Growing up as the son of a Hungarian Holocaust survivor in the Brooklyn neighborhood of Borough Park, Yossi Klein Halevi was deeply shaped by a sense of Jewish identity, his father’s wartime experiences, and his father’s anger at what he perceived as American Jews’ passivity regarding the fate of European brethren. Halevi himself migrated from the right-wing Zionist Beitar youth movement, to the movement to aid Soviet Jewry that emerged in the 1960s, to Rabbi Meir Kahane’s militant, sometimes violent, and often racist Jewish Defense League (JDL). Sometime after breaking with JDL in the 1970s, Halevi wrote of his experiences in Memoirs of a Jewish Extremist, a work whose themes he revisits in conversation with Jonathan Silver. (Audio, 73 minutes. Options for download and streaming are available at the link below.)
What Jewish Extremists Get Wrong—and Right
As Vladimir Putin Sidles Up to the Mullahs, the Threat to the U.S. and Israel Grows
On Tuesday, Russia launched an Iranian surveillance satellite into space, which the Islamic Republic will undoubtedly use to increase the precision of its military operations against its enemies. The launch is one of many indications that the longstanding alliance between Moscow and Tehran has been growing stronger and deeper since the Kremlin’s escalation in Ukraine in February. Nicholas Carl, Kitaneh Fitzpatrick, and Katherine Lawlor write:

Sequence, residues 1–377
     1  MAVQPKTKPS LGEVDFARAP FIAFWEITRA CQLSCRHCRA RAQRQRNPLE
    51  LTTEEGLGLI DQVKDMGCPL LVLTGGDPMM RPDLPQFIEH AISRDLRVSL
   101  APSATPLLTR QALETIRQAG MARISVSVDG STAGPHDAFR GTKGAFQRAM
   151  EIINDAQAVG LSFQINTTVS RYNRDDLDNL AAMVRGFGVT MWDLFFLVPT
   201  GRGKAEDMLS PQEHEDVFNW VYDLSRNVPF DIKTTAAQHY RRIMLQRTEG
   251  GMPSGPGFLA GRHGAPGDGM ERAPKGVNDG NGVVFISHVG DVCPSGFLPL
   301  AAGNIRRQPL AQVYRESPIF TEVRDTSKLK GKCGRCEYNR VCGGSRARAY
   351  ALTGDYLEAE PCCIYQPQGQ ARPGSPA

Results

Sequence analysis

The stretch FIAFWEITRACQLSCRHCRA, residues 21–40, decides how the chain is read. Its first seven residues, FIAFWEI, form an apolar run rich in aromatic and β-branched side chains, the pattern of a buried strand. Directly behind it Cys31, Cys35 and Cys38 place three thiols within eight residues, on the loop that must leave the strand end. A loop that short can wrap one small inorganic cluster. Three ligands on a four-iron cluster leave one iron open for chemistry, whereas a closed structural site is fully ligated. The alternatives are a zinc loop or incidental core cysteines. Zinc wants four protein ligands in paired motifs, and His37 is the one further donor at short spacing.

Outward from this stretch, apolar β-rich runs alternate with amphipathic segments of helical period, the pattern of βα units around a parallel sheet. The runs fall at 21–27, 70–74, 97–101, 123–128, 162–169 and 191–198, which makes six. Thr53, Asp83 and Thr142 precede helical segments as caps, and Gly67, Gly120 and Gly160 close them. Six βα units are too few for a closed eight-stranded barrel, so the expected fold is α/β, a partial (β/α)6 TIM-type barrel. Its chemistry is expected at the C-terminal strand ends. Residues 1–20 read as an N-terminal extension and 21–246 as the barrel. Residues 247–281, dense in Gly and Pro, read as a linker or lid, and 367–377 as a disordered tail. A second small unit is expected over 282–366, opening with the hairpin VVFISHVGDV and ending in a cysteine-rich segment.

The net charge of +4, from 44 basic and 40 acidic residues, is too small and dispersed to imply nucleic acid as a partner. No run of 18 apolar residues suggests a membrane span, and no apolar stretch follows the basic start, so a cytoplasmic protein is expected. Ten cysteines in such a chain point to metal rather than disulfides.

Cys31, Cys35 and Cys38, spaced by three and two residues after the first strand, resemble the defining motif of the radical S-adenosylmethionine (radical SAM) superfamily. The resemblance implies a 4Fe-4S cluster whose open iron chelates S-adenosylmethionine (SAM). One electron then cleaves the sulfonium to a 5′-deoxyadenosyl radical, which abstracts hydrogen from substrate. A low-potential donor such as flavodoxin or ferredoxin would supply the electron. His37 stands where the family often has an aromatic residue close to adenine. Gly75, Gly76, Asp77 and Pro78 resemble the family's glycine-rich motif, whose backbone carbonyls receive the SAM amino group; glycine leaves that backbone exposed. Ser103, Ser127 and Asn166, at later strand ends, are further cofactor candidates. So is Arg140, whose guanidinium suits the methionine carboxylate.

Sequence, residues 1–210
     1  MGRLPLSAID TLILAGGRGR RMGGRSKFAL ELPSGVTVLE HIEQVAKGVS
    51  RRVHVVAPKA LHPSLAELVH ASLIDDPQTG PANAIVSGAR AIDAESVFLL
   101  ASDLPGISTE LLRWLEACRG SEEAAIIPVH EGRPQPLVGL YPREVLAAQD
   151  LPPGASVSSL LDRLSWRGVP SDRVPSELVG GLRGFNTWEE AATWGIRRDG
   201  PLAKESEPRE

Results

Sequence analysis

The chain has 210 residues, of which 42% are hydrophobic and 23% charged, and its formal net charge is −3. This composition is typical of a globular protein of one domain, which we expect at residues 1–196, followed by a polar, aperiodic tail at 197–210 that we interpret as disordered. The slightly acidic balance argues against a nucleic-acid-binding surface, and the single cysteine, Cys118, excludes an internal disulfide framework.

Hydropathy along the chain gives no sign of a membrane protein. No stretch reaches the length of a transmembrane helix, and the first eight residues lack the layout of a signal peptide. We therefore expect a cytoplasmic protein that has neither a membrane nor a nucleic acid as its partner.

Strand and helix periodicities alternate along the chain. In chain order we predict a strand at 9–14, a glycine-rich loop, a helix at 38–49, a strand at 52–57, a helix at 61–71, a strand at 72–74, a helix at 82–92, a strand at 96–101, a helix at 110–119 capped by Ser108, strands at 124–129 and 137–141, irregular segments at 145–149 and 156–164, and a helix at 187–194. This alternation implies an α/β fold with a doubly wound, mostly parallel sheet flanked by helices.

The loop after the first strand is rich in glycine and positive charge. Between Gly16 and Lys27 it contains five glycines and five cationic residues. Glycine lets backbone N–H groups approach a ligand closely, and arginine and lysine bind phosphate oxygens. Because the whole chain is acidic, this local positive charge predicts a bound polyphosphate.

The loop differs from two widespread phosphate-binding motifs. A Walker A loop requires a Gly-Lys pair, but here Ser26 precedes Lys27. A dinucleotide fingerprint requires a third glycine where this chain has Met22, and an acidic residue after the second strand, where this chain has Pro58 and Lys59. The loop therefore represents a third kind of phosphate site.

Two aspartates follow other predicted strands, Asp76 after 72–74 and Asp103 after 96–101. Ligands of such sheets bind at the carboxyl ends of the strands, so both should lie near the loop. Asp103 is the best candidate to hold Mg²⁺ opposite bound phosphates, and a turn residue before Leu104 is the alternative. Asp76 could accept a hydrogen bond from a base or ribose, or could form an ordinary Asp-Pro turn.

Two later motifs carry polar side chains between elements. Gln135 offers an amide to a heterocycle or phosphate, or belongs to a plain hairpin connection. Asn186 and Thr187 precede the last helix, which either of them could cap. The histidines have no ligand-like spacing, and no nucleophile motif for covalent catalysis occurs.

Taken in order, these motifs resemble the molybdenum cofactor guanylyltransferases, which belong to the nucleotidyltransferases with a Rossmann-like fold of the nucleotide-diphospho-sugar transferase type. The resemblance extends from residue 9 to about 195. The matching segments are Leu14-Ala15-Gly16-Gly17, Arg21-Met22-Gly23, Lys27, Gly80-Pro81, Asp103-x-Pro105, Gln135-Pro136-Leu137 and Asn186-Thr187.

Presidents Vladimir Putin and Ebrahim Raisi have spoken at least four times since the invasion began—more than either individual has engaged most other world leaders. Putin visited Tehran in July 2022, marking his first foreign travel outside the territory of the former Soviet Union since the war began. These interactions reflect a deepening and potentially more balanced relationship wherein Russia is no longer the dominant party. This partnership will likely challenge U.S. and allied interests in Europe, the Middle East, and around the globe.
Tehran has traditionally sought to purchase military technologies from Moscow rather than the inverse. The Kremlin fielding Iranian drones in Ukraine will showcase these platforms to other potential international buyers, further benefitting Iran. Furthermore, Russia has previously tried to limit Iranian influence in Syria but is now enabling its expansion.
Deepening Russo-Iranian ties will almost certainly threaten U.S. and allied interests in Europe, the Middle East, and around the globe. Iranian material support to Russia may help the Kremlin achieve some of its military objectives in Ukraine and eastern Europe. Russian support of Iran’s nascent military space program and air force could improve Iranian targeting and increase the threat it poses to the U.S. and its partners in the Middle East. Growing Iranian control and influence in Syria will enable the Islamic Revolutionary Guard Corps [to use its forces in that country] to threaten U.S. military bases in the Middle East and our regional partners, such as Israel and Turkey, more effectively. Finally, Moscow and Tehran will likely leverage their deepening economic ties to mitigate U.S. sanctions.